Richard Smith: Coming to terms with “the second illness,” the fear of cancer

Mary Gunn, looking very well and wearing her 65 years lightly, stands in front of the audience in an Edinburgh bookshop describing how eight years ago she was diagnosed with recurrent breast cancer and given two years to live. She is launching her book Well: A Doctor’s Journey Through Fear to Freedom.

The book tells the story of Mary’s illness and also something of her life, but the main point of the book is to share what she learnt in learning to live with her illness, her fear, and her possibly imminent death. It’s not a self-help book in the typical mould, but it will surely be helpful to anybody with a serious illness or, indeed, anybody affected by chronic fear. Mary roamed widely, way beyond conventional healthcare, in her search for acceptance. I was greatly impressed too by how much Mary, who as a young doctor worked in rural Malawi and then later as a general practitioner in the Scottish Borders, learnt from her patients. She learnt more from them than from her textbooks or medical journals, which is probably true of all good doctors.

Three foreigners provide key moments in Mary’s book. The first is an unnamed Malawian woman with HIV/AIDS who said to her doctor: “When you get AIDS there are two illnesses. The first illness is the problems and pains you suffer with HIV. You have to deal with that. The second illness is the fear of what HIV will do to you in the future. It is very important not to catch the second illness.”

The story of Mary’s first illness can be told briefly, although it seems remarkable to someone like me who was a junior doctor in the 70s that somebody could be not only alive but also so well eight years after a diagnosis of recurrent breast cancer. (Mary, I should make clear, was the first medical student I met on my first day at Edinburgh Medical School in 1970, and we are friends today.)

Mary first had breast cancer diagnosed in 1997 when she was 44, and she knew from the moment she felt a hard lump in her breast that it was “cancer until proved otherwise.” It proved to be grade three cancer and if, like Mary when told the news, you can’t remember how many grades there are—there are three. She had hoped there were 10. She had a mastectomy, which showed that two of five lymph nodes in her left axilla contained cancer cells. The cancer was also very close to her chest wall. Postoperatively, Mary had radiotherapy, but at that time there was not strong evidence of further benefit from chemotherapy. Mary initially decided against chemotherapy, wanting to get back to work as soon as possible, but then looked at the slim evidence available and decided to have chemo as well.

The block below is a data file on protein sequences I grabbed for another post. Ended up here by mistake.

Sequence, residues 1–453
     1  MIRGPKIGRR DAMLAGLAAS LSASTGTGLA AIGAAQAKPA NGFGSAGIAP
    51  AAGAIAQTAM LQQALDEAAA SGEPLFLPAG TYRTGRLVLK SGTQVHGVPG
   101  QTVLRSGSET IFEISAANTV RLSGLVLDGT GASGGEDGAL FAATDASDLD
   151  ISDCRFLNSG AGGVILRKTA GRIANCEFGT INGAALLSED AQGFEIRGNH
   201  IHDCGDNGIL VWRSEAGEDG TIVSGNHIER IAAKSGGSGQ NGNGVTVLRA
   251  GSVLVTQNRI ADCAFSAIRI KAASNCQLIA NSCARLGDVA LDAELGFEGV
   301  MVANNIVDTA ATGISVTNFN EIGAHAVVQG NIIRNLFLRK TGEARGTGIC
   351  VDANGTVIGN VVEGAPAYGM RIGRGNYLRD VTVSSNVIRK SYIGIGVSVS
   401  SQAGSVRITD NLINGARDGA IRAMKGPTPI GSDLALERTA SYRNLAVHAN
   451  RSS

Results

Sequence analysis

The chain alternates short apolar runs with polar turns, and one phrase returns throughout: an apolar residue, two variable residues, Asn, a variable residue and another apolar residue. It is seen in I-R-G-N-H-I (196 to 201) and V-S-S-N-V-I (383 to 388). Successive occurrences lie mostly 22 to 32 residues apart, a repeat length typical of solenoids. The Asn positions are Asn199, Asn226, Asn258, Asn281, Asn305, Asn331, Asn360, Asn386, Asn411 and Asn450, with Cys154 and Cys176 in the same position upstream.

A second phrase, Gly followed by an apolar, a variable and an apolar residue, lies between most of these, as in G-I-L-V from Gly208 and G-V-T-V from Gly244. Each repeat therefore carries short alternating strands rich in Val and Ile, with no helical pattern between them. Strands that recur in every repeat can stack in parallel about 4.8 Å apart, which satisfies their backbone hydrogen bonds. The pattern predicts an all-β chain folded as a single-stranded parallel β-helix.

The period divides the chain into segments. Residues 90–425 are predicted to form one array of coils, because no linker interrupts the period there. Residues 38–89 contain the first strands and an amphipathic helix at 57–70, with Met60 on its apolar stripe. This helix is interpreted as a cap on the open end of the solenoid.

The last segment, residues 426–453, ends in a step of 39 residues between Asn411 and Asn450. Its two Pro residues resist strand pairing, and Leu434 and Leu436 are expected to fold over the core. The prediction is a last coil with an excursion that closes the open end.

Telling her young children was the most difficult part of her illness, and she wrote them a moving letter, which she reproduces in part in the book, in case she should die. She found it years later in her underwear drawer.

She remained well until January 2010 when she noticed a small swelling on her left chest. Rapid investigations showed a recurrent cancer the size of a grapefruit immediately behind her sternum. The options for treatment were surgery, radiotherapy, or hormonal treatment. The surgery with the cancer so close to vital organs would be “heroic but non-curative” and would mean replacing her sternum with a titanium plate. Radiotherapy was also unattractive because a large dose would be needed and would leave Mary exhausted. She opted for anti-oestrogen treatment, but she also contacted by Skype a famous homeopathic doctor in Mumbai whom she knew and respected.